Chandler, Howard

Howard Chandler was born December 5, 1928, in Wierzbnik-Starachowice, Poland. He grew up in the Poland of the 1930s, where the rights of minorities in the multiethnic country were supposed to be protected; in spite of this Howard remembers being bullied and the anti-Semitic taunts as a way of life at the time.  Howard was just about 11 years old when the war broke out, and he was no longer allowed to attend school.  He was subsequently moved into a ghetto, living in crowded conditions with many other families.  One day he noticed a new group of German soldiers were around, and it was at this time that the ghetto was liquidated.  Howard and his father and brother were selected for work, but the rest of the family was taken away.  Howard later learned that they were sent to Treblinka and were murdered.  Howard did forced labour alongside his brother and father for the next two years, but when the Russian front drew closer, he was deported to Auschwitz in the summer of 1944. Howard would be there until January 1945, when the Nazis ordered the death marches to evacuate the camp.  Howard ended up at Buchenwald from January to April 1945, when many of the prisoners were placed in open boxcars and sent on a meandering journey to Czechoslovakia, while the war closed in on both fronts. Howard and his brother were liberated by the Russians in Czechoslovakia, both of them in very bad shape.  With the end of the war, he was taken to England, where he stayed for 2 years. He then decided to come to Canada where he has been ever since.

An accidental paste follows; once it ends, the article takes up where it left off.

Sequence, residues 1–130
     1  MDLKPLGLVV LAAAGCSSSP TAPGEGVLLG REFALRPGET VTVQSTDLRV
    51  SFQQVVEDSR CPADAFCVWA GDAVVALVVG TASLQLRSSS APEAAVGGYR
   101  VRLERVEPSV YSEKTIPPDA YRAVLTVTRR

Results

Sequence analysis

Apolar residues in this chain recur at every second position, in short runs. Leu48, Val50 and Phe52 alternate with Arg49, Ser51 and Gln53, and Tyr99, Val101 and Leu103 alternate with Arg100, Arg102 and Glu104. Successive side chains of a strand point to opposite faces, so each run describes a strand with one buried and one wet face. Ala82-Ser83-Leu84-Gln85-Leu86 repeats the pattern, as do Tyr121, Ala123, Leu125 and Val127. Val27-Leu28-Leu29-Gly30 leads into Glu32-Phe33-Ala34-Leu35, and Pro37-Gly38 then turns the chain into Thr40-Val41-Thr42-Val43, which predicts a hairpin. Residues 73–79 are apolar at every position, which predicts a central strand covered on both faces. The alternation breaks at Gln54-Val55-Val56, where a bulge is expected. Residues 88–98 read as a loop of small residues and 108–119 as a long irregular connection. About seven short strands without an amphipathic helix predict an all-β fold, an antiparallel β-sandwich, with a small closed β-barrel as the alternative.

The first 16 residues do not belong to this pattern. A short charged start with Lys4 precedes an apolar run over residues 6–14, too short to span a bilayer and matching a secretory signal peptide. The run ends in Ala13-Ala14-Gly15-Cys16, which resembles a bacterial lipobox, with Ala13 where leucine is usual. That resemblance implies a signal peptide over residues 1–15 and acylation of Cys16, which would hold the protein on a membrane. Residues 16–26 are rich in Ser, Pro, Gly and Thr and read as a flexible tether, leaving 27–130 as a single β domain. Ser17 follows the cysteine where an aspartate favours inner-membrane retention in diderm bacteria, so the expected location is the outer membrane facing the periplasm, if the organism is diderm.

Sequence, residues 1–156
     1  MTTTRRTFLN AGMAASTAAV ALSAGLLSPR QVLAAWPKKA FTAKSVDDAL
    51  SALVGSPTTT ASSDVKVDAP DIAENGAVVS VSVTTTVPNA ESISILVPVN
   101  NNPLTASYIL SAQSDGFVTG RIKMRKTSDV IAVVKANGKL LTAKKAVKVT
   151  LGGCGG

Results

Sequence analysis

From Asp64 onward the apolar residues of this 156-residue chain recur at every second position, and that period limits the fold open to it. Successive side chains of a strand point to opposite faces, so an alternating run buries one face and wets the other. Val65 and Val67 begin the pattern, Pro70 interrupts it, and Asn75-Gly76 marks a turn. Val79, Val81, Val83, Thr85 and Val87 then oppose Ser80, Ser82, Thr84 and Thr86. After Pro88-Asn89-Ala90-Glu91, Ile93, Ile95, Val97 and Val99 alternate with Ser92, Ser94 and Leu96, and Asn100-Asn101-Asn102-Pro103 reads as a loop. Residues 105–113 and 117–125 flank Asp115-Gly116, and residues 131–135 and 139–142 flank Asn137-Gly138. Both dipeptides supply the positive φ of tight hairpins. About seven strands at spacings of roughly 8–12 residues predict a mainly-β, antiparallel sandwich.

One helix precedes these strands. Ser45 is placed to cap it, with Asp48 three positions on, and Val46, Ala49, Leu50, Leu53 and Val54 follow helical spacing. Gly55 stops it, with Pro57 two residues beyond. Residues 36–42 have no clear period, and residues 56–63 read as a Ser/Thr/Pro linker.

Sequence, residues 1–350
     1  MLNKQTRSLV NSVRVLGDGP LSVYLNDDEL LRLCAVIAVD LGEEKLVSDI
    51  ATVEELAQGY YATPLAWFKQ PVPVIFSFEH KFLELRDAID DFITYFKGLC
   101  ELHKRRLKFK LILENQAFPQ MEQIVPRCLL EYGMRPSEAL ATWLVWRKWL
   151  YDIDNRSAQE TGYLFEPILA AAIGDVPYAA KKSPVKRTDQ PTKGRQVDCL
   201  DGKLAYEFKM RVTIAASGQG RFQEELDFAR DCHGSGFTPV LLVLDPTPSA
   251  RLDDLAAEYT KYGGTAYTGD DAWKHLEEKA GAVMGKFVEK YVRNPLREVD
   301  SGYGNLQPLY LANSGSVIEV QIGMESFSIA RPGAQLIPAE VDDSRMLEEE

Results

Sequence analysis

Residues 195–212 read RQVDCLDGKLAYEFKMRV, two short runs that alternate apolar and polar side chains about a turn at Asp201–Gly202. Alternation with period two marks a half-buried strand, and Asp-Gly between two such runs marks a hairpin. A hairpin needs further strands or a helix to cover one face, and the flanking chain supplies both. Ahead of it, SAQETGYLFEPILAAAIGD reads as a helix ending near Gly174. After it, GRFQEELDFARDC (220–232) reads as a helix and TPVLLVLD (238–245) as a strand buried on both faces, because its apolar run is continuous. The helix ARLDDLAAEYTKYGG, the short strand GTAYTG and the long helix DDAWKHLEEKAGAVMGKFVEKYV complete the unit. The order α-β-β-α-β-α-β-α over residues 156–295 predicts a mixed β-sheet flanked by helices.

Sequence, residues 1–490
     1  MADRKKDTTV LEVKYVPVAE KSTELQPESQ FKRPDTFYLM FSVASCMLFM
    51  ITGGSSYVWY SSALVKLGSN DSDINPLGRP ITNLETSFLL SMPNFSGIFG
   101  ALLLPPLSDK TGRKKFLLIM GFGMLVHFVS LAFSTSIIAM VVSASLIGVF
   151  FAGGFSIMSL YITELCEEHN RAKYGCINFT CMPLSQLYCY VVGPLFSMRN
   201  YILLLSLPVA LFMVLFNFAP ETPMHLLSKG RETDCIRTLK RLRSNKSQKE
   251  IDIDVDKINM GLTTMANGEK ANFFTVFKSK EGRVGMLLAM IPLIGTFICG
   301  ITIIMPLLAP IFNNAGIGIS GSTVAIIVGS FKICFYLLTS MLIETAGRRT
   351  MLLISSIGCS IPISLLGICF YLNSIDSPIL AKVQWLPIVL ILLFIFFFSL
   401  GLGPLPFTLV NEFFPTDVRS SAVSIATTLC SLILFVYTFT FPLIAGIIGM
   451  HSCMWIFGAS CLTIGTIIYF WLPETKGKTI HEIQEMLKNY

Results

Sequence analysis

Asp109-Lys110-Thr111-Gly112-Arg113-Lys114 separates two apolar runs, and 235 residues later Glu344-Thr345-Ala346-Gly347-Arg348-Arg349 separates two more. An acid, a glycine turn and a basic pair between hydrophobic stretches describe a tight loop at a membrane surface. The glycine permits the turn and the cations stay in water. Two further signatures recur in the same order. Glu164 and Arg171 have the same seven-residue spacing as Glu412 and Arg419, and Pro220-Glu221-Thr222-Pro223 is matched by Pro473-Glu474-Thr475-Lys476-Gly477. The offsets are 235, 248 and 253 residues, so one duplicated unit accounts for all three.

Howard was first interviewed by Crestwood student Michael Hochberg in April 2011.  Howard visited Crestwood in November 2017, where he shared his story with a group of Grade 9-10 students.  In June 2019 Mr. Masters and Arielle Meyer visited him in his home, alongside American researcher Emily Ann Putzke.